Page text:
More Than Money
Issue #10

Learning From Each Other

Table of Contents

“Alive and Kicking”

In the 80's, millions of people worldwide stopped investing in companies that did business in South Africa (as part of campaigns to exert economic pressure.) Once apartheid fell, many socially responsible investment professionals feared that investors would stop using social screens.

I was greatly encouraged by a recent survey conducted by the Social Investment Forum that indicates socially responsible investing is still flourishing. I thought I'd share the good news with other More than Money readers via a sampling of statistics.

How much is invested? Of the $7 trillion in managed funds in the U.S., $639 billion (about 9%) is in SRI.

After apartheid, did most managers stop doing SRI? No, 78% of all money managers in the U.S. who made socially responsible investments on behalf of clients continued to do so.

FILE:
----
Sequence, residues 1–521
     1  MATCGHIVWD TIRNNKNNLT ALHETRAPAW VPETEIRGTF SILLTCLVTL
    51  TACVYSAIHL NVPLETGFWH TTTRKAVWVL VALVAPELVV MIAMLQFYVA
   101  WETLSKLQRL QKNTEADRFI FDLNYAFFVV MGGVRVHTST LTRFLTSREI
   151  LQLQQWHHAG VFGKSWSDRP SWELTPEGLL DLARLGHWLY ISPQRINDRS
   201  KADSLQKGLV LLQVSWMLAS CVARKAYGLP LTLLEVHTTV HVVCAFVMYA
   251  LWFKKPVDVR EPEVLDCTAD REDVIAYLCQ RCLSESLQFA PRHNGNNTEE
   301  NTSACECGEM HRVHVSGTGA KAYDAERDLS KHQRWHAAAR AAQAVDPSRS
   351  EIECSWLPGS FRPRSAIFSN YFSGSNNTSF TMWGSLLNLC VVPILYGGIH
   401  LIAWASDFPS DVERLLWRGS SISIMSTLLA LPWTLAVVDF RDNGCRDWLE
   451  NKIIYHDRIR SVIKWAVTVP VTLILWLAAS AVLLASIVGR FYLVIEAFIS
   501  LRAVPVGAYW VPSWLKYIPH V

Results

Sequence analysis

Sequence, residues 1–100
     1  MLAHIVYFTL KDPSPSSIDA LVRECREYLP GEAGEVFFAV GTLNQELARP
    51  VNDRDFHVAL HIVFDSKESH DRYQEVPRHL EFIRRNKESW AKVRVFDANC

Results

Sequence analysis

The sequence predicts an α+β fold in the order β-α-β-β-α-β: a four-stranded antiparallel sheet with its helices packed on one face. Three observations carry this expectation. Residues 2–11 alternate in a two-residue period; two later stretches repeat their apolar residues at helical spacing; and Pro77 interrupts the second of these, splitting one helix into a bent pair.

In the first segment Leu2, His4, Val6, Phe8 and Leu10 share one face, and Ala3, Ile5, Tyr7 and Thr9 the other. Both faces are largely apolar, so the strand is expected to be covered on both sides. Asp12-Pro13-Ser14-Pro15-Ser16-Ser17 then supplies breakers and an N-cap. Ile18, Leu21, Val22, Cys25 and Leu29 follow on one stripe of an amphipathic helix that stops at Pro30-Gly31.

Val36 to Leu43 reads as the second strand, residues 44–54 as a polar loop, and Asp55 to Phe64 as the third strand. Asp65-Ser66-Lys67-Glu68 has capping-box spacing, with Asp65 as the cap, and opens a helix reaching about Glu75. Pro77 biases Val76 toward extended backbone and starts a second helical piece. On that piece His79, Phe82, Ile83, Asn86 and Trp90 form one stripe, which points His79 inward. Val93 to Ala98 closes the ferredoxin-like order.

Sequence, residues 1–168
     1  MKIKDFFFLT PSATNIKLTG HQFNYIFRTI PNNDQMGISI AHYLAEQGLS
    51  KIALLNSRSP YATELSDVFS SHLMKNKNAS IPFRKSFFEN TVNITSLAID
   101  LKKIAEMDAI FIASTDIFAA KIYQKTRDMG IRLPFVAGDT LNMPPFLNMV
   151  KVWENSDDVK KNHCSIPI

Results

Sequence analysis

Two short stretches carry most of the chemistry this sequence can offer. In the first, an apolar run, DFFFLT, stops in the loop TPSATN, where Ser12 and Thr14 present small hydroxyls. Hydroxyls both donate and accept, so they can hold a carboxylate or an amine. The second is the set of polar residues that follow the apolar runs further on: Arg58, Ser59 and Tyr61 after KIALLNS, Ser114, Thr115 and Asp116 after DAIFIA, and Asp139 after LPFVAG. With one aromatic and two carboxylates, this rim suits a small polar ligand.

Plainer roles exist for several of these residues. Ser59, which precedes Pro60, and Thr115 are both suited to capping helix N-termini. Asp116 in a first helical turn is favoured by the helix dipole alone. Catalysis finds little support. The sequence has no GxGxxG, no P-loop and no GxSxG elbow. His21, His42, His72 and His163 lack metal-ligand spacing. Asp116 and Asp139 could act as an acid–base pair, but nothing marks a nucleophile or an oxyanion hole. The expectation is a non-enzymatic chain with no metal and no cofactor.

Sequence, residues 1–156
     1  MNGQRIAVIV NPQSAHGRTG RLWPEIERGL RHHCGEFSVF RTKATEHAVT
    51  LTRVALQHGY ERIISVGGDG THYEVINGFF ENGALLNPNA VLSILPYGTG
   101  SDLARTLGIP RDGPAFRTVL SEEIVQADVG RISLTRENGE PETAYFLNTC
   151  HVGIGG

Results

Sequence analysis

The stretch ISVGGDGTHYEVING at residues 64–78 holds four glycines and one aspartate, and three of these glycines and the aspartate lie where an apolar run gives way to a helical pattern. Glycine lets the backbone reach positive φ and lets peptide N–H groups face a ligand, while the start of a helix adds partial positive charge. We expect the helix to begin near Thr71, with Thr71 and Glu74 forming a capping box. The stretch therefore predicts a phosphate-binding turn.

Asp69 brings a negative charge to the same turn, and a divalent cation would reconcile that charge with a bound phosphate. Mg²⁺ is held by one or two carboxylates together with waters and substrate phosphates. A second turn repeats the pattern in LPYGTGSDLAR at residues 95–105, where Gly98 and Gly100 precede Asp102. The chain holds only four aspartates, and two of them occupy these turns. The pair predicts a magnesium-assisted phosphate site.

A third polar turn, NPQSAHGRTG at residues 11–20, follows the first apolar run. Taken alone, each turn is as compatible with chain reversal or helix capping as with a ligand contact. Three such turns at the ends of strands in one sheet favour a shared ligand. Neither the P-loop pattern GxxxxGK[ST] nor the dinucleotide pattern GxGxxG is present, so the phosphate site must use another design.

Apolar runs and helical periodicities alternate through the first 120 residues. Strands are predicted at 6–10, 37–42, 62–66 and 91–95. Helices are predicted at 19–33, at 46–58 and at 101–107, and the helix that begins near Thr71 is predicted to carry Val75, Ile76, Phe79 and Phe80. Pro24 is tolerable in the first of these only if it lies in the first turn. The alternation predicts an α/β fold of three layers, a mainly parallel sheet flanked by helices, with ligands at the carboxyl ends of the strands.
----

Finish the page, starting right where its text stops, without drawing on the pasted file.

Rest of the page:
• More than two out of five (42%) screens for human rights.
  • Over one out of three (38%) screens for environmental concerns.
  • One in four (24%) screens for animal rights.
  • One in five (22%) screens for employee relations.

If disinvestment in South Africa is no longer a primary concern, what other criteria are important to investors? Investors are shifting from avoidance of "sin stocks" (alcohol, tobacco, gambling and production of weapons) to more positive screens, and 91% of the money in responsibly invested portfolios today is managed with three or more screens.

I am pleased that the SRI movement is growing in maturity and health--aren't you? If you want the full report, please give me a call. David Crocker, 800/843-0211.


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